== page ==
The Ford F150 SuperCrew came with 5.4-litre V8, making 300 hp and 365 lb-ft of torque ($52,549); some of that money went into the navigation system and rear-seat DVD. We loved the backup camera, set not into the centre screen, but into one side of the rearview mirror; it disappears when the truck is in anything other than Reverse.
2008 Ford F150 4X4 SuperCrew (top) and 2008 Nissan Titan King Cab Pro-4X. Click image to enlarge
The Ford’s stiff ride ranked alongside the Dodge as the roughest of the group, although it rated among the best for its quiet cabin. It towed well, but disappointed us so much on the off-road test that we took it through a second time, just to be sure it was the truck and not us. Its undercarriage scraped on obstacles that others cleared easily, and it got stuck a couple of times, requiring backing up and trying again. This was the most expensive of the eight-truck group, which we felt might limit its appeal in the marketplace.
The two Nissan Titans shared a 5.6-litre V8, at 317 hp and 385 lb-ft of torque: the Crew Cab LE featured a navigation system and rear-seat DVD ($51,498), while the King Cab had a PRO-4X package ($45,998), which included stability control, and side and curtain airbags.
Ride comfort was high in these trucks, especially with a load in the box, but we faulted both on the burdened loop test for their very squishy brake pedals. Even though the stopping distances weren’t too bad by the numbers, we always had that sinking feeling that we’d started braking too late – and numbers or no numbers, confidence in one’s ability to stop is a huge part of towing and hauling.
2007 Toyota Tundra 4X4 double Cab SR5 (top) and 2007 Toyota Tundra Double Cab SR5. Click image to enlarge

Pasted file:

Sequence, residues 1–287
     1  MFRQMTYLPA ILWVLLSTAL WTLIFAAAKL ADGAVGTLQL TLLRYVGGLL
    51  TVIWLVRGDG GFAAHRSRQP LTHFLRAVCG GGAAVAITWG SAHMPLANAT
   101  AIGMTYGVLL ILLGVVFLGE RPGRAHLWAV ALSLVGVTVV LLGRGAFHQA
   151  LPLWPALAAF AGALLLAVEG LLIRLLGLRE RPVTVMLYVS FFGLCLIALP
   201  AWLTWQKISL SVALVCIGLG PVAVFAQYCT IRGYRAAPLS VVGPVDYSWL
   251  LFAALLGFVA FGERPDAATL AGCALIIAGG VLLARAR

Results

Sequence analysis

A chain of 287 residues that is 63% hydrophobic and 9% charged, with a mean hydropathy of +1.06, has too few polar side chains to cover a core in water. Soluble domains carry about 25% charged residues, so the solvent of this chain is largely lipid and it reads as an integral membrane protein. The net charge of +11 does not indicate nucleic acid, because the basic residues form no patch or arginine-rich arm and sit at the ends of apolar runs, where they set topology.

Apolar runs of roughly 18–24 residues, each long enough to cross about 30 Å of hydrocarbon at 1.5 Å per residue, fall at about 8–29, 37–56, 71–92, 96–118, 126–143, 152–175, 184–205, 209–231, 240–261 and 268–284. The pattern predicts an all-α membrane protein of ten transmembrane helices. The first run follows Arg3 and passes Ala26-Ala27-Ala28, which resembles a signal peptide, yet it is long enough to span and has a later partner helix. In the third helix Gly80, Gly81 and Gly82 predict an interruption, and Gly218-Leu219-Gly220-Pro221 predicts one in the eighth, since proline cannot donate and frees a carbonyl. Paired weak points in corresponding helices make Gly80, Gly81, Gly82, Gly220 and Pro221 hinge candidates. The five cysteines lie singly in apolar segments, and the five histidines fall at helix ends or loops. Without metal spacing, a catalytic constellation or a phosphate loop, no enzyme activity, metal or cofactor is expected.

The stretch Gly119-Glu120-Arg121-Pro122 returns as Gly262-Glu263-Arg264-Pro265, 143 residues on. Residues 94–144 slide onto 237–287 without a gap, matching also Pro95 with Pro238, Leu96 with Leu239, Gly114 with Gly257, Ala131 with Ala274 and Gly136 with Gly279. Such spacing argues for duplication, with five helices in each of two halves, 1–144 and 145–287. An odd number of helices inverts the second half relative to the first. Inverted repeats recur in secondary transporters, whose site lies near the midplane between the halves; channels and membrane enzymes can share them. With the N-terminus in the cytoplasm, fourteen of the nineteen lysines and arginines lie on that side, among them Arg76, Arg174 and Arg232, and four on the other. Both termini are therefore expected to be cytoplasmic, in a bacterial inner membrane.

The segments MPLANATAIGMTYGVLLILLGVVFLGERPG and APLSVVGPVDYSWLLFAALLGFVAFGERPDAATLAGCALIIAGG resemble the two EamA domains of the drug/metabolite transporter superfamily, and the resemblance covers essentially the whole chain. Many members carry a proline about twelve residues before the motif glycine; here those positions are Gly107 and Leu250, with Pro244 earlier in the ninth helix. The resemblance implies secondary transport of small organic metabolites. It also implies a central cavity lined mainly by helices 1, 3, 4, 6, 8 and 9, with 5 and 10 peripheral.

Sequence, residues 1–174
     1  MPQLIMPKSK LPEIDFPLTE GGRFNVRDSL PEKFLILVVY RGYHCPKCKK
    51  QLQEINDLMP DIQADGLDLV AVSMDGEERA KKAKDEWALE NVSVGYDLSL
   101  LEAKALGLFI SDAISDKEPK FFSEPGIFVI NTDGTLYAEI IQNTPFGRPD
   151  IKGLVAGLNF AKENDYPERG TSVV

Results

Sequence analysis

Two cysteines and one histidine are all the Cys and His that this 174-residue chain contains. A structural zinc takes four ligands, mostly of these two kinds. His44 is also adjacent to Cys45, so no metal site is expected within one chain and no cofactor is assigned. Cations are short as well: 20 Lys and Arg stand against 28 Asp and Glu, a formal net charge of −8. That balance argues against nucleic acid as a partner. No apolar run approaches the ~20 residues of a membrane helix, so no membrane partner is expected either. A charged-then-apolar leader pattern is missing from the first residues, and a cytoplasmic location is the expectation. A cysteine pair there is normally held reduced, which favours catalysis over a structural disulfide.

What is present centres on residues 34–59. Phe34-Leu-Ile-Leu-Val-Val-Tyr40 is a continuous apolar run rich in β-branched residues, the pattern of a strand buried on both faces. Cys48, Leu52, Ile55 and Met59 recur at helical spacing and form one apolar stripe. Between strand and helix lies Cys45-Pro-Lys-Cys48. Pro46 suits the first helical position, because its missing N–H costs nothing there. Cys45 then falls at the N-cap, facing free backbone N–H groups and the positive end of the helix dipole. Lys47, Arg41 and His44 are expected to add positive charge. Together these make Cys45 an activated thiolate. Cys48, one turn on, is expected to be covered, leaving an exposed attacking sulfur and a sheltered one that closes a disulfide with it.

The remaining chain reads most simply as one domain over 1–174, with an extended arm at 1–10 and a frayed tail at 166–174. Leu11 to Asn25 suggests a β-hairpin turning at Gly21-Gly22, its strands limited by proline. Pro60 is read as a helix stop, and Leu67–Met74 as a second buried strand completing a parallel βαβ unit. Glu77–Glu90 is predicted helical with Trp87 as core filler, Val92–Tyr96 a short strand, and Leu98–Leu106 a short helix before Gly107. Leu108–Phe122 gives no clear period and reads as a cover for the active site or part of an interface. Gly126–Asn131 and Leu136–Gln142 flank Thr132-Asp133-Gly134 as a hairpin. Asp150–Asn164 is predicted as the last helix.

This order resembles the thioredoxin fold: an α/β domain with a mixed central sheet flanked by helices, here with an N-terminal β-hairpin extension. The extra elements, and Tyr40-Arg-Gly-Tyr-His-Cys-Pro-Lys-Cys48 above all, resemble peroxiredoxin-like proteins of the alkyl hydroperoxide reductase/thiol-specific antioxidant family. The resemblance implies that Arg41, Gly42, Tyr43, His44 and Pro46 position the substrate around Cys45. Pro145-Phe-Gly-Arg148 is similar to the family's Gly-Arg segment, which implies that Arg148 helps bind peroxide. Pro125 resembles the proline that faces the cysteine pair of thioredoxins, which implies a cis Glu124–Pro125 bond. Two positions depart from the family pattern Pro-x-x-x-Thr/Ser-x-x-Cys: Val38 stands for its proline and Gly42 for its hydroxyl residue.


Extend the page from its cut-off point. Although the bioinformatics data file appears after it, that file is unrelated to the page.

The dashes and centre stacks on the Nissan trucks had a heavy plastic appearance, but seat comfort was the best of any truck, in any class. The King Cab outperformed the Crew for ground clearance and manoeuvrability on the off-road course, but both of them did a poor job of transferring torque evenly when required, and whenever the going got gooey, they’d tend to crab sideways, which often put us perilously close to tree trunks. However, we gave highest marks to a transfer case that went from 4High to 4Low almost instantaneously. We found the trucks a bit dated and expensive for their market, but ranked them high on emotional appeal: with their punchy acceleration, sharp handling and spirited nature, they were a blast to drive. We ended up dubbing them “hot rod” trucks for their overall attitude.
The two Toyota Tundras were both Double Cab SR5 models, using a 5.7-litre V8 making 381 hp and 401 lb-ft of torque; one had a standard bed with Off-Road Package ($42,325), the other a long bed ($40,665). Because the long bed contained a fifth wheel hitch, we had to tow on the burdened test, while we carried a weight with the standard bed. Acceleration was strong and smooth, the steering had a confident heft, and burdened ride comfort was excellent: we scored the long-box model highest of the eight for towing, and the Off-Road model tied for second with the Silverado.
Off-road, they both scored about mid-pack: turning circles were tight, but the Off-Road Package got stuck in places where the Dodge Ram sailed through, and the long-box model could have had better ground clearance. The interiors were handsome, but the wide-spread centre console made it tough for shorter drivers to reach all of the controls, and the climate control wasn’t immediately intuitive. Overall, we felt the division would come down to a shoot-out between Chevrolet and Toyota.